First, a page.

Why we used ten languages to express a single message at UC Berkeley.

You can’t talk to numbers, but you can talk to human beings — and human beings celebrate holidays.

By Hajar Larbah

There are 3.3 million Syrian students out of school and at UC Berkeley that statistic is not just another number to us. The idea of a “lost generation” of Syrian students is terrifying. In America, educators are constantly trying to keep kids in school to make sure no child gets left behind. Imagine if all students were left behind — what would the repercussions be? As students, we know the value of education and that’s why we’re compelled to speak up and make our campus more accessible to Syrian students. We hope the administration will do the same and are asking them to join the IIE Syria Consortium, which would truly honor UC Berkeley’s founding principle of “advancing generations.”

The purpose of creating #FromCaltoSyria video this past Eid was to push past the statistics and remember that behind the numbers are human beings. You can’t talk to numbers, but you can talk to human beings — and human beings celebrate holidays. Our message to you, our fellow Syrian refugee students, is that you have hopes, not only fears, and those hopes are celebrated this Eid. You have a future and aspirations that will take you there away from the present and that is celebrated this Eid.

All the students that came together for the video represent the diversity within Cal’s 38,000 student body who share one thing in common — a desire to share our humanity.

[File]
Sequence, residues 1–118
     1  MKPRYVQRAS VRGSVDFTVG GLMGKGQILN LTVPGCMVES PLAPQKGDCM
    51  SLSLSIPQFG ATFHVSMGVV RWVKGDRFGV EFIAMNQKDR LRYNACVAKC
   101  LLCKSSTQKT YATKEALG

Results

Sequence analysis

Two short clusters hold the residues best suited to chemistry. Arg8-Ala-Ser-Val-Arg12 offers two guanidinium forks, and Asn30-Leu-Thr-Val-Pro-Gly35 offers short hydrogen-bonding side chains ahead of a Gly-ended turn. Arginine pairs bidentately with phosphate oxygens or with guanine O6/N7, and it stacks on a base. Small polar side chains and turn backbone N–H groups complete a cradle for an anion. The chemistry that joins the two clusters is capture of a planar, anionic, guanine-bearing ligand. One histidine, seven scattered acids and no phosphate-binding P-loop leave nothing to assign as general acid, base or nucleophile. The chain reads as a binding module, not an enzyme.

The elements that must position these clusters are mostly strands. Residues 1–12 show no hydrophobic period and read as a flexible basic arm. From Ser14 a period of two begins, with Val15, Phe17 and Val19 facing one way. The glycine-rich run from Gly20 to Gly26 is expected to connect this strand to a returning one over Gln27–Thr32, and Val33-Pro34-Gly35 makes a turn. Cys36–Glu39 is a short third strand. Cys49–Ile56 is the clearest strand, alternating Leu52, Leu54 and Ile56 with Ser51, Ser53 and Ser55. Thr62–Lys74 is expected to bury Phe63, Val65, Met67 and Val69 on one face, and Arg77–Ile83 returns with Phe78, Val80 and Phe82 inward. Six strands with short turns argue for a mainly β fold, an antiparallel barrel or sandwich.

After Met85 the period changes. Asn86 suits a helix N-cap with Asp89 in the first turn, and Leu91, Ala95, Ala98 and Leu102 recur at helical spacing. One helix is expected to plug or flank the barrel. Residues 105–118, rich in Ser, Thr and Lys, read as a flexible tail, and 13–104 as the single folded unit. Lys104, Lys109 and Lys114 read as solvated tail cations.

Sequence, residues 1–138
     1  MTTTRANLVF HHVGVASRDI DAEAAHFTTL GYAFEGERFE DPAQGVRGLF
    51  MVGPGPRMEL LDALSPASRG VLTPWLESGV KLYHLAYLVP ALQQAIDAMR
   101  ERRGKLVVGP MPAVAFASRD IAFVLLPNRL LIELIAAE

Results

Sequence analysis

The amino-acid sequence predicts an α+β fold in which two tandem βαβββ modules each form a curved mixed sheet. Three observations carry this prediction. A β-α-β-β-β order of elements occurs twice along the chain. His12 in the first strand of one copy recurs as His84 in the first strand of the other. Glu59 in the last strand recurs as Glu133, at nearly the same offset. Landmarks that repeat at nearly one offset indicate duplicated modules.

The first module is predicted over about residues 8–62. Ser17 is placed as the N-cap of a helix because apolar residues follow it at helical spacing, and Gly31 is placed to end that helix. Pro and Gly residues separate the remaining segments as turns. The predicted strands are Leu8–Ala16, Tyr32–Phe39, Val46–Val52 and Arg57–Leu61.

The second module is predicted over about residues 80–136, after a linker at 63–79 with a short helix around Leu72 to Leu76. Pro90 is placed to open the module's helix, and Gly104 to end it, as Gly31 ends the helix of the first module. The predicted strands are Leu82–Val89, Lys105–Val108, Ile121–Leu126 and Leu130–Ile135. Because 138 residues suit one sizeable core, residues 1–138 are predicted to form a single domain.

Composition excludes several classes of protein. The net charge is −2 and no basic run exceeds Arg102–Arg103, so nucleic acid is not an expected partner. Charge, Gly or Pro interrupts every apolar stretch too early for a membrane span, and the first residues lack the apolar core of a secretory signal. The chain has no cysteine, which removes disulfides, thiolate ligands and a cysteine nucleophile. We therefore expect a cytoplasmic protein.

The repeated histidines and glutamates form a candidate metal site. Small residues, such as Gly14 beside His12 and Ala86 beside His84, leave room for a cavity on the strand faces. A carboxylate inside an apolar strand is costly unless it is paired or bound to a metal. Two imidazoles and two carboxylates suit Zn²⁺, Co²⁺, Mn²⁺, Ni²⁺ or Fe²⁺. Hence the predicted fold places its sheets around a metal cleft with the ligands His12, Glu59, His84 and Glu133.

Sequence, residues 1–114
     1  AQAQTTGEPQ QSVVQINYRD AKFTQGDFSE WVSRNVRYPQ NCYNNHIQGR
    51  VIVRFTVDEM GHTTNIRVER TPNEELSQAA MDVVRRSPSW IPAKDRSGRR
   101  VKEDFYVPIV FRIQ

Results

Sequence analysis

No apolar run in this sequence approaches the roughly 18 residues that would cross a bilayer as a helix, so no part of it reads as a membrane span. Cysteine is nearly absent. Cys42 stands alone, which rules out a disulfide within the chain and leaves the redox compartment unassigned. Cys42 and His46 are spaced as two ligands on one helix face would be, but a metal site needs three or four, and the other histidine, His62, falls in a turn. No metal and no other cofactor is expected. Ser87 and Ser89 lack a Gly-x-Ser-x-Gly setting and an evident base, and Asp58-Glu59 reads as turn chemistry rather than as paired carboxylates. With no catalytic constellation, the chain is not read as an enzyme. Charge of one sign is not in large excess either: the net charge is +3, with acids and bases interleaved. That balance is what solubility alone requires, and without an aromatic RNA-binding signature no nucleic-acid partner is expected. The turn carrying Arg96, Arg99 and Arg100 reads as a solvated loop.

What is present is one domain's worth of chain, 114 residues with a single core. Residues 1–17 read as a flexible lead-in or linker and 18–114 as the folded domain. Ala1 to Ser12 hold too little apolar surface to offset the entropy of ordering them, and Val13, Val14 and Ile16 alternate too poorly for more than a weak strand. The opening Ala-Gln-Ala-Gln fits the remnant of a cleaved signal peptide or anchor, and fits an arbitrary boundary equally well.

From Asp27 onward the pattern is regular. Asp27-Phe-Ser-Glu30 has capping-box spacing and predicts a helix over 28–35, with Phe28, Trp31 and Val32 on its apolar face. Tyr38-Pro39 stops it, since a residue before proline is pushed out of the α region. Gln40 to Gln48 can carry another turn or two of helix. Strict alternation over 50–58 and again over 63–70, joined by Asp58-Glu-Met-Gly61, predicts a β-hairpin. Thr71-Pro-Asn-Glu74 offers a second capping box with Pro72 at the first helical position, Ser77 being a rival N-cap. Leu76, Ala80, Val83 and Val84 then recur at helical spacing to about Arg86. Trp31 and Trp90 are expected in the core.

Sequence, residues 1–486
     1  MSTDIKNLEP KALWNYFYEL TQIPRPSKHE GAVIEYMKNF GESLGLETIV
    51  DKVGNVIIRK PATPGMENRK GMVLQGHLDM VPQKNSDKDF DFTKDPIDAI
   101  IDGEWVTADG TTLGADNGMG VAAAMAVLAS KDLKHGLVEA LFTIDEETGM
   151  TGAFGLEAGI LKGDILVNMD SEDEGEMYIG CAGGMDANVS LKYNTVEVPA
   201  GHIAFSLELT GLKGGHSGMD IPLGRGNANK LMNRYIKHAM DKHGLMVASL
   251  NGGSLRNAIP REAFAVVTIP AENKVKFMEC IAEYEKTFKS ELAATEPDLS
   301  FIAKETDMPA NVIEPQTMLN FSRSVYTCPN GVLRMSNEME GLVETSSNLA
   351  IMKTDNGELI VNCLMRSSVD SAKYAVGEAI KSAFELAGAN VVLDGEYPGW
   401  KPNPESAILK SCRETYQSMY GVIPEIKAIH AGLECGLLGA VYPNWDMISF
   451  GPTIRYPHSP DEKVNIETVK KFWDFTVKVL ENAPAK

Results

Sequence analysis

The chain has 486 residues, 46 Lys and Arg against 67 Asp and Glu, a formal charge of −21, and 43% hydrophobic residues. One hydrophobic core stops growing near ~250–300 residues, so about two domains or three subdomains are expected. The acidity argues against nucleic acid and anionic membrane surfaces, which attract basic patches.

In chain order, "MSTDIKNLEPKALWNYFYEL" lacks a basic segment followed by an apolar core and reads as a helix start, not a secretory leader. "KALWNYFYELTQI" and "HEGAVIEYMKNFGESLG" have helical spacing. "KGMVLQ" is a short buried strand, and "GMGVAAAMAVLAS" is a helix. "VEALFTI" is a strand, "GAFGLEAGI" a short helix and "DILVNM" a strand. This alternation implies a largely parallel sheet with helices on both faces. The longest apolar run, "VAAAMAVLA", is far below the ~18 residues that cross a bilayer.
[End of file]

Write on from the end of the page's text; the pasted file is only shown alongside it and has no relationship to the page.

André Luu, the external affairs Vice President of student government, wished Syrian refugee students a Happy Eid in Vietnamese. As a son of Vietnamese refugee parents, Andre sees the same struggles his ancestors faced during the Vietnam war in Syrian refugees. The purpose of Books Not Bombs is important to him because “it is so critical that we, as Americans, ensure that our Syrian peers feel safe here, feel accepted here, and feel wanted here. If we truly want to uphold American values, then it is our responsibility to welcome all and empower all.”

André as well as other students on campus understand that many Syrians are not able to celebrate Eid the same way amidst airstrikes, away from home and family. With each passing year of the revolution, Syrians have less and less to celebrate. But they have given us students at Cal a greater reason to celebrate. Their bravery and resistance as well as passion to pursue an education inspires us and we commemorate that in ten different languages this Eid.

Salaam, the president of SOS, says that to her, the hashtag #FromCaltoSyria “means accountability and responsibility. Being at UC Berkeley I will do what I can in my capacity to respond to the Syrian Crisis.” Because at the end of the day it is not just the Syrian Crisis, it is a humanitarian crisis and we are all affected alike.

Despite the stream of devastating news, we are not desensitized and refuse to remain ignorant towards refugees. On the contrary, we insist on empathy from ourselves and our community. And to do that, we are pushing beyond raising awareness and working towards raising understanding among our student body — on what is happening to Syrian refugees and where they fit into the story.

If you’re a student at Berkeley, support our call for scholarships for Syrian students here. If you’re not from Berkeley and don’t see your school on the petition list, join our movement by emailing info@books-not-bombs.com.